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Destigmatising mental illness?Professional politics and public education in Britain, 1870-1970$
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Vicky Long

Print publication date: 2014

Print ISBN-13: 9780719085819

Published to Manchester Scholarship Online: May 2015

DOI: 10.7228/manchester/9780719085819.001.0001

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Psychiatrists and Their Patients:

Psychiatrists and Their Patients:

Mirrored Narratives of Sanity and Madness

Chapter:
(p.25) 1 Psychiatrists and Their Patients
Source:
Destigmatising mental illness?
Author(s):

Vicky Long

Publisher:
Manchester University Press
DOI:10.7228/manchester/9780719085819.003.0002

This chapter examines the efforts made by psychiatrists and patients to address the public and challenge the stigma attached to mental illness and its treatment. Analysing a selection of accounts authored by psychiatrists and patients, it considers how the shared world of the asylum and mutual experiences of discrimination created parallels in their narratives. Erving Goffman’s analysis of stigma is drawn upon to consider the difficulties facing former patients who sought to challenge the stigma of mental illness, and to shed light on writers’ strategies, which changed as treatment regimes evolved over time. Many former patients sought to reintegrate themselves into the community by distancing themselves from the ‘otherness’ of mental illness. The chapter argues that the frequently adversarial nature of the relationship between psychiatrists and patients hindered collaborative efforts to tackle the stigma attached to mental illness and its treatment. Furthermore, psychiatrists’ preconceptions regarding the public inhibited their efforts to engage in meaningful dialogue.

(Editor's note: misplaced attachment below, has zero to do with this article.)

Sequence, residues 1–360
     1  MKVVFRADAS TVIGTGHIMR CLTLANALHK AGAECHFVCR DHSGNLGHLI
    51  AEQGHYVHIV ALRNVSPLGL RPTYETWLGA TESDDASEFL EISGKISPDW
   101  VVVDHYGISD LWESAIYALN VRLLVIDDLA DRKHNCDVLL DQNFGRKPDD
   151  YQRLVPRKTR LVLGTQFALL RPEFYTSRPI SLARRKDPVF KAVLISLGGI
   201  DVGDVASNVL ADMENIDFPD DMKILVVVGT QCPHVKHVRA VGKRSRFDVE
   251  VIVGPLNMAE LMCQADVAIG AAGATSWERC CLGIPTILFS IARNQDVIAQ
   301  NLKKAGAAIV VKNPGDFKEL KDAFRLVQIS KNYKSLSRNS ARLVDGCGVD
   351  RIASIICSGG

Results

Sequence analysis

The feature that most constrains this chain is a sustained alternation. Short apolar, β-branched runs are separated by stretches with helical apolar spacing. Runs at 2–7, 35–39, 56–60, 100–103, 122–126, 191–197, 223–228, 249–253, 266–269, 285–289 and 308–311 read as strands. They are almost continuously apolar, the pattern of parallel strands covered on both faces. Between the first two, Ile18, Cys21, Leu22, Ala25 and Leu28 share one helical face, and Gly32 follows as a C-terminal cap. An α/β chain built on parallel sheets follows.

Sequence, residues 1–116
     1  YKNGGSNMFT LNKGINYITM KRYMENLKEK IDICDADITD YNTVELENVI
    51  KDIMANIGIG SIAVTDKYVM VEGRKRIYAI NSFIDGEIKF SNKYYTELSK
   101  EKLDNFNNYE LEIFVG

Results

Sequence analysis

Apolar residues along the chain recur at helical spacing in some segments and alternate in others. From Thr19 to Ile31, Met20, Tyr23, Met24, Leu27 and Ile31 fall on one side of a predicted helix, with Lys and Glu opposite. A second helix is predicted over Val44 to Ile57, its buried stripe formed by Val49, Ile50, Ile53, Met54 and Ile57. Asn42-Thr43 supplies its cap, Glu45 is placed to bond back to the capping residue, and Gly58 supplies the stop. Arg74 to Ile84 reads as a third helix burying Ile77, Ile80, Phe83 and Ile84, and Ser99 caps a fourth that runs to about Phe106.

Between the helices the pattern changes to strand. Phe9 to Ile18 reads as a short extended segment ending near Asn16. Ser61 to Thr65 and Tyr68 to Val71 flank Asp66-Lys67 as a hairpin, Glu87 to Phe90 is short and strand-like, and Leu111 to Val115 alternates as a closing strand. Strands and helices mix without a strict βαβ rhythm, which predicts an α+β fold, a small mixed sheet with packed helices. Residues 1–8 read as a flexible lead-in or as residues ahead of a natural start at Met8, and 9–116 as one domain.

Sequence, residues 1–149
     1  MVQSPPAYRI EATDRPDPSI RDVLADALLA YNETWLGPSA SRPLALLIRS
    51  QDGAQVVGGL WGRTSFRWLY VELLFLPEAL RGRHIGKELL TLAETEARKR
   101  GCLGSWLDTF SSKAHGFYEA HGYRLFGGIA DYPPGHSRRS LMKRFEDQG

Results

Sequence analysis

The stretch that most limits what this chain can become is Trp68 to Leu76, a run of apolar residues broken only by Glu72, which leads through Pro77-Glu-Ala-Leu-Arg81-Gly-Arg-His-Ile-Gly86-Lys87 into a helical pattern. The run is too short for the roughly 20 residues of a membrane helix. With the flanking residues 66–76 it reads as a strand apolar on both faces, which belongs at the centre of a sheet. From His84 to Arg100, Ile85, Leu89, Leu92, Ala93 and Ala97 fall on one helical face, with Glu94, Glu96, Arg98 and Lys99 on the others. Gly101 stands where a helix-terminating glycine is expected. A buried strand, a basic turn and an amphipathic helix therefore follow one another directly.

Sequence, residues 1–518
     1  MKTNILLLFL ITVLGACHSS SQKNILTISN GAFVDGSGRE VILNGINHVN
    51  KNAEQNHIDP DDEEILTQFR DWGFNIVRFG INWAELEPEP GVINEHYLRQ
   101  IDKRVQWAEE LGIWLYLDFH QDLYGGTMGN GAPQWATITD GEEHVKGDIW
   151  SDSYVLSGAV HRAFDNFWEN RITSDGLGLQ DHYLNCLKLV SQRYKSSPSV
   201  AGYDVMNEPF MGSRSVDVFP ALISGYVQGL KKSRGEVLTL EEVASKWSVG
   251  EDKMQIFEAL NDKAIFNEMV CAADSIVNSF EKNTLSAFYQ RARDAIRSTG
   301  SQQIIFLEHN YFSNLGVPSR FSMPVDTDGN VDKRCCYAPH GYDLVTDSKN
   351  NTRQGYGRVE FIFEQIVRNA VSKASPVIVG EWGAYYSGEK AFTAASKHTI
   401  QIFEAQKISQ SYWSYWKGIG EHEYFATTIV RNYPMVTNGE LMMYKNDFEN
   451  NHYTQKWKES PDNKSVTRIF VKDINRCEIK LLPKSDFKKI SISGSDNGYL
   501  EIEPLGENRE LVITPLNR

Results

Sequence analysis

Keywords:   Patients, Psychiatrists, Asylum, Mental illness, Narratives, Stigma, Goffman, Public

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